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ARS Home » Northeast Area » Geneva, New York » Grape Genetics Research Unit (GGRU) » Research » Publications at this Location » Publication #350274

Research Project: Improving Fruit Quality, Disease Resistance, and Tolerance to Abiotic Stress in Grape

Location: Grape Genetics Research Unit (GGRU)

Title: Kinetics of winter deacclimation in response to temperature determines dormancy status in grapevines (Vitis spp.)

Author
item KOVALESKI, ALISSON - Cornell University - New York
item REISCH, BRUCE - Cornell University - New York
item Londo, Jason

Submitted to: AoB Plants
Publication Type: Peer Reviewed Journal
Publication Acceptance Date: 10/8/2018
Publication Date: 10/8/2019
Citation: Kovaleski, A.P., Reisch, B.I., Londo, J.P. 2019. Kinetics of winter deacclimation in response to temperature determines dormancy status in grapevines (Vitis spp.). Journal of Experimental Botany. 1.

Interpretive Summary: Grapes are one of the most economically important fruit crops worldwide, with the vast majority of production derived from a single, Mediterranean species, Vitis vinifera. Grapes, like many other temperate fruit crops, survive the stress of freezing that occurs during the winter season by halting their growth in the fall and entering dormancy. Once grapes become dormant, they still must survive temperatures below freezing without suffering lethal damage. In the dormant bud, the freezing point of water is suppressed such that the buds don't freeze, even when temperatures are low. Using this defense, the buds can survive winter temperatures as low as -25°C for cultivated varieties and -35°C for wild grape species. In this study we looked at this ability to survive freezing and the effect warm temperatures have on maintaining this defense. As the buds are exposed to warm temperatures, they gradually lose their ability to survive freezing. This study demonstrated that depending on the dormancy state (early winter versus late winter), warm temperatures have different impacts on freeze resistance. These differences in rate of loss can now be used to refine prediction models for winter survival for grapevine. Additionally, this method should also be of use for other temperate fruit crop species that use the same freeze suppression mechanism. This will allow other crop researchers to better model freeze resistance in their fruit species and help farmers understand the status of their crops during the dormancy season.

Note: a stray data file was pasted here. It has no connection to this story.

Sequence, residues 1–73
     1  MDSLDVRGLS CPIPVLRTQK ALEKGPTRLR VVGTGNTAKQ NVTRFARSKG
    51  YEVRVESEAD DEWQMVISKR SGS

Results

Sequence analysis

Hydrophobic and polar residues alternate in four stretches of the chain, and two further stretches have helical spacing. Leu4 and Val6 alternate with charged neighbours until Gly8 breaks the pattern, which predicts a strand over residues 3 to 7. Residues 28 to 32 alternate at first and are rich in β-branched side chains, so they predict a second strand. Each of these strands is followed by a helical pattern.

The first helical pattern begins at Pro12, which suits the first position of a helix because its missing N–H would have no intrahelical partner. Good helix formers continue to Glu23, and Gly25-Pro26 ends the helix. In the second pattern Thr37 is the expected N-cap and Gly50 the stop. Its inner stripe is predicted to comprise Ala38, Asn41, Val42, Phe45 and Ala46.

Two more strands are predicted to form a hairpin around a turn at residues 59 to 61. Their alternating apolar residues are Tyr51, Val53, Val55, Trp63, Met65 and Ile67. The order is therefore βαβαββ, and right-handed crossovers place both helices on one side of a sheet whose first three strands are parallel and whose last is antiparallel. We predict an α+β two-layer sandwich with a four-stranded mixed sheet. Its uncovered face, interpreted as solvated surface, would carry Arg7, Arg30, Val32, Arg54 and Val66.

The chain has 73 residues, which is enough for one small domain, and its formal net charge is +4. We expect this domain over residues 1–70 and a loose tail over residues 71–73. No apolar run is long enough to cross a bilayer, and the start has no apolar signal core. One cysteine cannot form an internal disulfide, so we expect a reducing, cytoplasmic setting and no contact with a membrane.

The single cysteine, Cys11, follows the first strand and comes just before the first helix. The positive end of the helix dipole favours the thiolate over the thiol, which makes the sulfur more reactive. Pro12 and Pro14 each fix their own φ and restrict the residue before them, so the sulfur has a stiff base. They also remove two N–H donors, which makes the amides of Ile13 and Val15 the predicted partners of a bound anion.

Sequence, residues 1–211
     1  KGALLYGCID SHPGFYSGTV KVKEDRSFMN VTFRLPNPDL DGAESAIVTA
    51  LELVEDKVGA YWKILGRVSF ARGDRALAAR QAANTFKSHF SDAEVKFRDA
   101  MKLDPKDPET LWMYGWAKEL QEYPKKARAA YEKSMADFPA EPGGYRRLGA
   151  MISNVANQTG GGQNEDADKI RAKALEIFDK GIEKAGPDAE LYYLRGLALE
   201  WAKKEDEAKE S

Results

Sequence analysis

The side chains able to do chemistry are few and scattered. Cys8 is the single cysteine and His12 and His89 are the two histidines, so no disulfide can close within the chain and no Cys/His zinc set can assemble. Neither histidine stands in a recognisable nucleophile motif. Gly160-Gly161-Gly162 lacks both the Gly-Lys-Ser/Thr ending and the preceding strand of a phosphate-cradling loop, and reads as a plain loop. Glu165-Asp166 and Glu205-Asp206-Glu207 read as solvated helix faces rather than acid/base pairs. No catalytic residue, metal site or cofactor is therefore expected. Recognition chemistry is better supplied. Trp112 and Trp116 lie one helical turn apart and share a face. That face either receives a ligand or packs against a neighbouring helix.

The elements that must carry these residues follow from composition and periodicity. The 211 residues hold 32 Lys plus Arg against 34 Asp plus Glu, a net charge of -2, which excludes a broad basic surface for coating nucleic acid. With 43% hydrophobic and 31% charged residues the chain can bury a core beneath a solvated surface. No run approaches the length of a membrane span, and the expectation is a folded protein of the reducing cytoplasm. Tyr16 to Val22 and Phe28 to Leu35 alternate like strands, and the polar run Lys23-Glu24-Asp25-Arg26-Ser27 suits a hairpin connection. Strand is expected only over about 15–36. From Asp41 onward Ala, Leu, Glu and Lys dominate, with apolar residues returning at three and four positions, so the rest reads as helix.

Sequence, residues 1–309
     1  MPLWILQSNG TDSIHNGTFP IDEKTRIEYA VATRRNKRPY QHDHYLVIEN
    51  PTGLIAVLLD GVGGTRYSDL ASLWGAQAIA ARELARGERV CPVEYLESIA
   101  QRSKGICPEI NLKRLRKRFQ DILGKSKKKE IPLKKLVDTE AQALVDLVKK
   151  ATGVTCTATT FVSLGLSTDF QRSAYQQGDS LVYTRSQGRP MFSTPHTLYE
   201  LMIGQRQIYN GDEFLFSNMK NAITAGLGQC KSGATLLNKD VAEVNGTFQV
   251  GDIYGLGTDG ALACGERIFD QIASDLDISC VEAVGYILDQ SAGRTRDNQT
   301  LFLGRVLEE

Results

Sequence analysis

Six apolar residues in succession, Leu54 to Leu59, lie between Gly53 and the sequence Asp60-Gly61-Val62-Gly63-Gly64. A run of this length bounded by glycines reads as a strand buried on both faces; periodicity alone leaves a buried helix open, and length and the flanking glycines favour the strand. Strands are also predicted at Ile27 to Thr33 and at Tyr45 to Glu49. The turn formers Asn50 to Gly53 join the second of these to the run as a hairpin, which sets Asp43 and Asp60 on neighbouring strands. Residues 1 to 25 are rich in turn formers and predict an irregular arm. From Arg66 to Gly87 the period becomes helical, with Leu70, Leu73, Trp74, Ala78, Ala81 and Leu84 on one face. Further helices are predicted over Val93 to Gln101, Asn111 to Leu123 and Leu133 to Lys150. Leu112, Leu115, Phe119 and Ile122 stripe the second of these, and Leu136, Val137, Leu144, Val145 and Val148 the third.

Technical Abstract: Bud dormancy and cold hardiness are critical adaptations for surviving winter cold stress for temperate perennial plant species, with shifting temperature-based responses during the winter. The objective of this study was to uncover the relationship between dormancy transition (chilling requirement) and temperature on the loss of cold hardiness. Dormant cuttings of European grapevine cultivars (Vitis vinifera; 'Cabernet Franc', 'Cabernet Sauvignon', 'Riesling', and 'Sauvignon blanc') and wild grapevine species (V. aestivalis, V. amurensis, and V. riparia) were examined to determine the relationship between chilling requirement and temperature on rate of deacclimation (kdeacc). Differential thermal analysis was used to determine kdeacc using mean low temperature exotherms. Effect of chill was evaluated as the deacclimation potential, which was the change in kdeacc due to chill accumulation. Results indicate that deacclimation potential varies dependent on dormancy state, following a logarithmic response to chill accumulation. The effect of temperature on kdeacc was exponential at low and logarithmic at high temperatures. The combination of deacclimation potential and kdeacc resulted in good prediction of deacclimation, demonstrating that kdeacc can be used as a quantitative determinant of dormancy transition. This information can be used to refine models predicting effects of climate change on dormancy and cold hardiness in grapevine.